Bonne nouvelle pour ceux qui utilisent des Macs à la maison! La sécurité sur OSX va enfin être à la hauteur de Windows dès la prochaine version qui sortira cet automne.
Pour ceux qui ne le savent pas, les Macs c’est la cata au niveau sécurité. Apple a toujours été mauvais élève dans ce domaine, mais avait réussi jusqu’à peu à éviter d’attirer l’attention des créateurs de virus et autres voleur d’identité parce qu’il y a très peu de mac utilisés dans le monde.
Tout cela a changé dernièrement et Apple essaie de rattraper son retard (idem sur iOS).
Notez que même avec la mise à jour, il n’est toujours pas recommandé d’utiliser des parcs de Macs en entreprise. Apple connait mal ce marché.
Some “media experts” and some consumers and companies believe that because Apple is curating apps you can find in their apps store, they face a lesser chance of being infected with malware or of using badly written apps which don’t perform well or leak information.
Well, once again (remember Instagram?), a security researcher proved that iOS is missing basic privacy protection mechanisms and that pretending to check apps to protect users is only an excuse to make money by taking a cut of the profit. Apple simply can’t control, in detail, what is in every app they release.
So this time, we have the LinkedIn app which is sending users’ calendar meetings to the LinkedIn servers without the user knowing about it… This can be especially dangerous when things such as conference call phone numbers and passcodes are stored in the event itself. Fortunately, there is a way to turn that feature off, by simply refusing to let LinkedIn show the calendars in the app itself.
But it doesn’t solve the big privacy issues plaguing iOS, a 5 year old OS which was never built to be secure, but to look smooth and to be very easy to use in order to kill Nokia’s Symbian. Apple has tried multiple times to implement enterprise features, but most attempts have failed as it’s simply not in Apple’s DNA to build a secure OS. SMEs and corporations usually have to rely on 3rd party solutions to try and make these devices usable in a business environment.
Let’s face it. The most popular smartphones on the market today are loved for their fun and useful features, not because they protect your privacy. They were not designed with security in mind, even though they hold so much information about an individual or an organization. And it’s worse if you jailbreak it in order to be able to customise it.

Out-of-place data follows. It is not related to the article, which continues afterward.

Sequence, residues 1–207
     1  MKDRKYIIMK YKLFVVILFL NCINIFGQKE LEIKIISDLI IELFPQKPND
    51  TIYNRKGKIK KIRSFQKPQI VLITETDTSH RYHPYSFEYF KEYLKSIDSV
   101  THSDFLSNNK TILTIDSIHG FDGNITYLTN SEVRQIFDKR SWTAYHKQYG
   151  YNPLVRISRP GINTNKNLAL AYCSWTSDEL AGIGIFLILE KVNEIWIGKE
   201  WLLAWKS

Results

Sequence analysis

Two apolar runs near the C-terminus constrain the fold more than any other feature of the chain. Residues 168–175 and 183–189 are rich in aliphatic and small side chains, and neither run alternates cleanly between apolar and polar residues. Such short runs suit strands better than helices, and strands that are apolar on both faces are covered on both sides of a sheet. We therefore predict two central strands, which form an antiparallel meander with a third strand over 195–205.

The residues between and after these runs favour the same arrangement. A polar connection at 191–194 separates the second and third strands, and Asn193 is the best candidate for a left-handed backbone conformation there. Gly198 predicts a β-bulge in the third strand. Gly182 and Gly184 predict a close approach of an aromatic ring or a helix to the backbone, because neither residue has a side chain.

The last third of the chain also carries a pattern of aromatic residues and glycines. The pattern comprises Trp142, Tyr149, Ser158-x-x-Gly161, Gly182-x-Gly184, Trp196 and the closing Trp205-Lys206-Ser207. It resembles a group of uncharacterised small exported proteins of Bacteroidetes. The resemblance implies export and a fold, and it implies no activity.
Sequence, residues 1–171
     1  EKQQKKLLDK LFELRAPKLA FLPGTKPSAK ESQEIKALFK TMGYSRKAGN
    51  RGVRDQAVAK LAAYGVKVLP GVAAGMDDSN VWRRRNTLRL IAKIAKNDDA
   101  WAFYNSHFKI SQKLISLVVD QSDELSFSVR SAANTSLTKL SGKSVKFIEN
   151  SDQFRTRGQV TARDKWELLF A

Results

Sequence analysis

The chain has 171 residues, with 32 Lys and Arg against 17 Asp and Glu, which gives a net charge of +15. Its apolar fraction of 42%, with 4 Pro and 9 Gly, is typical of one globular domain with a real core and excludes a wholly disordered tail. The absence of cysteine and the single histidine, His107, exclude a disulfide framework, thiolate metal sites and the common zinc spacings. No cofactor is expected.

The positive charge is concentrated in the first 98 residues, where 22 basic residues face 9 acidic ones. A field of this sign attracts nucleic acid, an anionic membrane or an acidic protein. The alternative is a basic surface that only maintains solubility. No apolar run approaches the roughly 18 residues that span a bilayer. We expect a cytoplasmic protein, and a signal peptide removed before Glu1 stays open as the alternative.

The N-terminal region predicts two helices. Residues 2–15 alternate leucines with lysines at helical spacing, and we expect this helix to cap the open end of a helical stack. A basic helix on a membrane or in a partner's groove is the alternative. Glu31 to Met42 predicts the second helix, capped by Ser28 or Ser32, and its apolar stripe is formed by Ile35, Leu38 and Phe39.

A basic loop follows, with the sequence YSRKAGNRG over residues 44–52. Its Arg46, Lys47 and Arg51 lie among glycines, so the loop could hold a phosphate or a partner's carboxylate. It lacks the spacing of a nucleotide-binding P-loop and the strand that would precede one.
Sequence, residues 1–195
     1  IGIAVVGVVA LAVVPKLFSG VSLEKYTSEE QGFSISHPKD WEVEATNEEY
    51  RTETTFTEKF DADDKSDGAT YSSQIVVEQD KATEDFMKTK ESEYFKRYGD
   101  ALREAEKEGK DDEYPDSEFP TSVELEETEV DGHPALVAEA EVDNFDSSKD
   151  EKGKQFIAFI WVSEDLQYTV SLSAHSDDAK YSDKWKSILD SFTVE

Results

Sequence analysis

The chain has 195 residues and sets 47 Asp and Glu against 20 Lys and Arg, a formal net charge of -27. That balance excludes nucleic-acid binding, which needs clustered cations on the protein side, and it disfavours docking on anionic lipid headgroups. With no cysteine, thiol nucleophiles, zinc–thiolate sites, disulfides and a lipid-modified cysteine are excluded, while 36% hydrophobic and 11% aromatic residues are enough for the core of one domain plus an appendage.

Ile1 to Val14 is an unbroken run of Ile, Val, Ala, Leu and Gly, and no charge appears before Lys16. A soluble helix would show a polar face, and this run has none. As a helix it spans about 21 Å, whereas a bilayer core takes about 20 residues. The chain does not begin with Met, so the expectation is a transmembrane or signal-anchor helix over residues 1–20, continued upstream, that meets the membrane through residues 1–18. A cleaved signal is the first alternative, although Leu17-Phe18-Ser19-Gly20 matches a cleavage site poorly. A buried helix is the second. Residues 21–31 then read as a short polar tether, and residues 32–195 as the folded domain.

Some security researchers say all smartphones are vulnerable to malware and this could lead to identity theft, among other things. And it’s true, even though BlackBerrys offer better protection than iPhones (no sandbox) or Androids (no review system), it’s still possible to trick a user to go visit an infected website that could help leak information.
Choose your smartphone and the content you will put on it wisely. Treat everything that is on it as public information or just remove data you’d rather not see fall in the wrong hands, whomever they may belong to 🙂
Guardian article about malware:
Guardian article about how easy it is to steal your data if you leave the Wifi on your phone constantly on:
Streaming music service Spotify has been displaying malicious ads to users of their Free version. The ads lead to websites that used the Blackhole Exploit Kit to infect users with the Windows Recovery fake AV application.
Source: Help Net Security
Tripadvisor members have probably received an email from the CEO, explaining that their member’s list has been accessed by a third party.
It’s just one more company to add to the long list of those who have had their client’s list leaked.
It will make spammers very happy, but again, the positive thing is that, at least, they’ve come forward, unlike some other companies I’ve used in the past which just don’t even bother to acknowledge the fact that there has been a leak…